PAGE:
- The Washington Times - Thursday, April 27, 2017

President Trump said Thursday he was giving Mexico and Canada a chance to renegotiate the North American Free Trade Agreement, but warned them that he was ready to pull out if it wasn’t rewritten as a winning deal for the U.S.

In backing away from the NAFTA exit, Mr. Trump nevertheless checked off a top item on his 100-day agenda by forcing Mexico and Canada to the bargaining table over the three-country trade deal that has been the bane of the president’s blue-collar base.

The maneuver even won begrudging support from Mr. Trump’s foes within the Republican establishment, who admitted the decades-old free trade zone needed to be updated.

“I decided rather than terminating NAFTA, which would be a pretty big, you know, shock to the system, we will renegotiate,” said Mr. Trump. “If I’m unable to make a fair deal for the United States, meaning a fair deal for our workers and our companies, I will terminate NAFTA. But we’re going to give renegotiation a good, strong shot.”

The administration had been preparing to quit the deal using an escape clause known as Article 2205. That prompted Mexican President Enrique Pena Nieto and Canadian Prime Minister Justin Trudeau to call Mr. Trump and ask instead for a NAFTA redo.

“We have to make a deal that is fair for the United States. They understand that,” said Mr. Trump in the Oval Office while meeting with Argentine President Mauricio Macri.

Mr. Trump stressed that he was still willing to quit the deal.

He later added that the renegotiations were already underway. “It’ll start very soon. It’s actually starting today,” he said.

Fixing NAFTA or getting the U.S. out of it was a prominent campaign promise for Mr. Trump. It topped his 100-day agenda for action to protect American workers that he promoted during the race.

Since taking effect in 1994, the free trade zone created by NAFTA has been blamed for the rapid decline of American manufacturing and job losses as companies moved factories to lower-wage Mexico.

It’s also blamed for suppressing U.S. wages.

Mr. Trump’s tough talk on trade and NAFTA in particular helped fuel his support across the Rust Belt, which sealed his victory in November.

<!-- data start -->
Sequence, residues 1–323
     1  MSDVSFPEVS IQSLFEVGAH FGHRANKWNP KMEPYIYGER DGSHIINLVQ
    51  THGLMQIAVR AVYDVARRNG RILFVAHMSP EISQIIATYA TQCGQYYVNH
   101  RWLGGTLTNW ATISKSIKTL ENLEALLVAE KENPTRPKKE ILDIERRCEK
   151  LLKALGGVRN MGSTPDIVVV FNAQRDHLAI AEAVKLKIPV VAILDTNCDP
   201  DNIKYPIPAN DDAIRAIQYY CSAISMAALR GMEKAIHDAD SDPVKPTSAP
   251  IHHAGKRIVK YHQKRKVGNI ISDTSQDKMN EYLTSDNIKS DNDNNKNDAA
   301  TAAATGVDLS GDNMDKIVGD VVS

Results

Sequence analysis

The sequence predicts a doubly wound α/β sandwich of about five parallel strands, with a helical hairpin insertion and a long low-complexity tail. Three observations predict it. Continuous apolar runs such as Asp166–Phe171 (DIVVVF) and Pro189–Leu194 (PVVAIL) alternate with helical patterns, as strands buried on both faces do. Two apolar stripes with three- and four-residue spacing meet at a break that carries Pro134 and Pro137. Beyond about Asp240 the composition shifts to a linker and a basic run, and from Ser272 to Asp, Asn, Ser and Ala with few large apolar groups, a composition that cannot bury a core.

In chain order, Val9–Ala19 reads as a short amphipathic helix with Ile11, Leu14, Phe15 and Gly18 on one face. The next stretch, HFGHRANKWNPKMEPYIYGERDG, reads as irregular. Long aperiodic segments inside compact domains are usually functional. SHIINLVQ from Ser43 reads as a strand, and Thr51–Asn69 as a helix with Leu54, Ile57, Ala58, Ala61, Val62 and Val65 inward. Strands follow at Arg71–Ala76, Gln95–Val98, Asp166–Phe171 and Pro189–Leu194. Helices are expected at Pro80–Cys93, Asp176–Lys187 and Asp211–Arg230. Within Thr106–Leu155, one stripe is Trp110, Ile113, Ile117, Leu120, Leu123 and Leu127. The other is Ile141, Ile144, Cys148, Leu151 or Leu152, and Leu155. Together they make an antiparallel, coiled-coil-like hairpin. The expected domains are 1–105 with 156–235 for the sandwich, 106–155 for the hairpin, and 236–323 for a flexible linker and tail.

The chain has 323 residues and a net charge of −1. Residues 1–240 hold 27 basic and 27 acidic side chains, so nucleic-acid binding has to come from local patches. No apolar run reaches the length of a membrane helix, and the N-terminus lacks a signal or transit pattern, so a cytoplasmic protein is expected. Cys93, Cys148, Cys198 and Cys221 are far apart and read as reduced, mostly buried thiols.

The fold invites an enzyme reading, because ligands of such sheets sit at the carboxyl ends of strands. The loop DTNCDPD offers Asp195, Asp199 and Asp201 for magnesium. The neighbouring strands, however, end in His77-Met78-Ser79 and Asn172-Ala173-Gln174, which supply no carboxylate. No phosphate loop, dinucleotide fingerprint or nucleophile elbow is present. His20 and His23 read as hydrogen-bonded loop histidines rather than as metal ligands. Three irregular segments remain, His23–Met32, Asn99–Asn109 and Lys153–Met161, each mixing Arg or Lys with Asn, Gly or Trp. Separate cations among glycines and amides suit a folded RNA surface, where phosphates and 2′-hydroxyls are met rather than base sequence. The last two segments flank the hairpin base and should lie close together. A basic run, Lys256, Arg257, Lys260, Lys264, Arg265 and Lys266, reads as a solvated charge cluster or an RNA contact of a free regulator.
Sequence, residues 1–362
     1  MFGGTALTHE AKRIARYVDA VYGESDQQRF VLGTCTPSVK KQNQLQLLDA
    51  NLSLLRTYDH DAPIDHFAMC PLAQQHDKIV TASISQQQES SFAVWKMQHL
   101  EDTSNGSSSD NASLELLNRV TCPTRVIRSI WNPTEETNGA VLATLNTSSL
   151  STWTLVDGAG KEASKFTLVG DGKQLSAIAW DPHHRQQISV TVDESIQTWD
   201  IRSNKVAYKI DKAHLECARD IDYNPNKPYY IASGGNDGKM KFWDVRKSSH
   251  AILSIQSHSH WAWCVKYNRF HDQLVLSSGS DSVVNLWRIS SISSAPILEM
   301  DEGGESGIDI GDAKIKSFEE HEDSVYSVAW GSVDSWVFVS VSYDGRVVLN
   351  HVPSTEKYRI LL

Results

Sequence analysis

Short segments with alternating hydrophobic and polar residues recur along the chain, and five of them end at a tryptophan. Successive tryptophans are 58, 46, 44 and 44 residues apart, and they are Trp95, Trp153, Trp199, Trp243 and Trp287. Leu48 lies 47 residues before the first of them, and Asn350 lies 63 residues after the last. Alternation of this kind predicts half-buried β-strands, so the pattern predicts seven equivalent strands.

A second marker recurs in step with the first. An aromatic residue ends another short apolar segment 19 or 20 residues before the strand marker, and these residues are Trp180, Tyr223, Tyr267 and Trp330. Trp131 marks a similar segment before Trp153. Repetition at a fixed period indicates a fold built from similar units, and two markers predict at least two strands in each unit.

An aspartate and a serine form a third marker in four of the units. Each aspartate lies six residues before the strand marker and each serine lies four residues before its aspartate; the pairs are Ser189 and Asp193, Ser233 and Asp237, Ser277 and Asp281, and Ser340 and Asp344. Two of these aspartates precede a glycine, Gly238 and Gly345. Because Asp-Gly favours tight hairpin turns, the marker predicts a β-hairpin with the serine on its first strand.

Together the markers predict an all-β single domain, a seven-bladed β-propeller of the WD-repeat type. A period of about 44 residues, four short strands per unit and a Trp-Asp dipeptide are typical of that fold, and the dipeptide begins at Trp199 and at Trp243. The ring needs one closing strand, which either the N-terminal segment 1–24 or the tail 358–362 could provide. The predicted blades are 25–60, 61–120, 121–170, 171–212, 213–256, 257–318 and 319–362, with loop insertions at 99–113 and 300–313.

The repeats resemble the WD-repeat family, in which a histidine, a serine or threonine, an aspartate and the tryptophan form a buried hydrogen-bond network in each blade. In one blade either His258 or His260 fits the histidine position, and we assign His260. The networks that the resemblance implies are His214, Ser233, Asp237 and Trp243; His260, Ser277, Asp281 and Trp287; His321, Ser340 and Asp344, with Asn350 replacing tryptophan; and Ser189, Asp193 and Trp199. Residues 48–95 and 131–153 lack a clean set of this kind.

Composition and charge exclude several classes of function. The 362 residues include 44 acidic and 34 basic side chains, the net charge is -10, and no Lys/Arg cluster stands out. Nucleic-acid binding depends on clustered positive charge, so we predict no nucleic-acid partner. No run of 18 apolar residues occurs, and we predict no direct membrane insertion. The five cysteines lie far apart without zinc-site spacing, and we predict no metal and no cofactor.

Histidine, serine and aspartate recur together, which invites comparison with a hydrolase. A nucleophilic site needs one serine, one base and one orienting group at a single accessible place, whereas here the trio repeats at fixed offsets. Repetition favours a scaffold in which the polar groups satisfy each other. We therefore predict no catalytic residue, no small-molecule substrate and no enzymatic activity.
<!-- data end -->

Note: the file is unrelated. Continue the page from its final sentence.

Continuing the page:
Tackling NAFTA followed a series of get-tough moves on trade by the Trump administration, including slapping tariffs on Canadian soft lumber exports and launching investigations of imported steel and aluminum.

The administration was ready to begin the exit from NAFTA within days. Under Article 2205, which allows any of the parties to unilaterally drop out, the exit would have been completed in six months.

Mr. Pena Nieto and Mr. Trudeau phoned the White House Wednesday evening to ask Mr. Trump to enter talks on NAFTA rather than quit, a move that would have left America’s neighbors in an economic lurch.

Mr. Trump said his “very good” relationships with Mr. Pena Nieto and Mr. Trudeau, as well as his respect for their countries, prompted him to give renegotiation a chance.

He said he told them “let’s see if we can make it a fair deal, because NAFTA has been a horrible deal for the United States. It’s been very good for Canada. It’s been very good for Mexico. But it has been horrible for the United States.”

Mexico and Canada gave a more subdued description of the call, but all the parties said the result was consensus on the need to “modernize” NAFTA.

“During the call, both Presidents spoke of the shared goal of modernizing the North American Free Trade Agreement,” said a statement form Mr. Pena Nieto’s office. “The leaders agreed on the advisability of maintaining the North American Free Trade Agreement and working with Canada to carry out a successful renegotiation for the benefit of the three countries.”

NAFTA hasn’t been all bad for the U.S. About one-third of all U.S. merchandise exports go to Mexico and Canada, and exports from American service industries and from the agriculture sector increased dramatically under the agreement, noted the conservative Club for Growth, which advocates free trade policies.

The proposed U.S. pullout also faced resistance from free trade Republicans in Congress.

“We should improve NAFTA, not abandon it,” Sen. Jeff Flake, an Arizona Republican and frequent critic of Mr. Trump, said on the Senate floor after Mr. Trump’s announcement.

He pointed to Arizona’s flourishing trade with Mexico, which exceeded $15 billion in 2016 and supports about 100,000 jobs in the Grand Canyon State.

“The bottom line is that trade is good for American businesses, it’s good for American workers, and it’s good for American consumers,” he said. “Trade is not a zero-sum game where one party wins and the other party loses. Free trade benefits everyone. I hope that we remember this as we look toward NAFTA’s future.”

Jason Grumet, president of the Bipartisan Policy Center, said Mr. Trump was taking the right approach in moving cautiously to revamp “a complex set of institutional and economic relationships that have developed over the past 25 years.”

“NAFTA has created millions of U.S. jobs that are now dependent on that trade. However, as technological advances and shifting global dynamics reshaped the business landscape, NAFTA has remained largely unchanged,” he said.

“We commend the administration’s intent to update and reform NAFTA to ensure that U.S. interests and workers are protected, and to bolster our competitiveness. However, we should remain cautious about taking extreme steps that could damage American businesses and the overall U.S. economy,” said Mr. Grumet.

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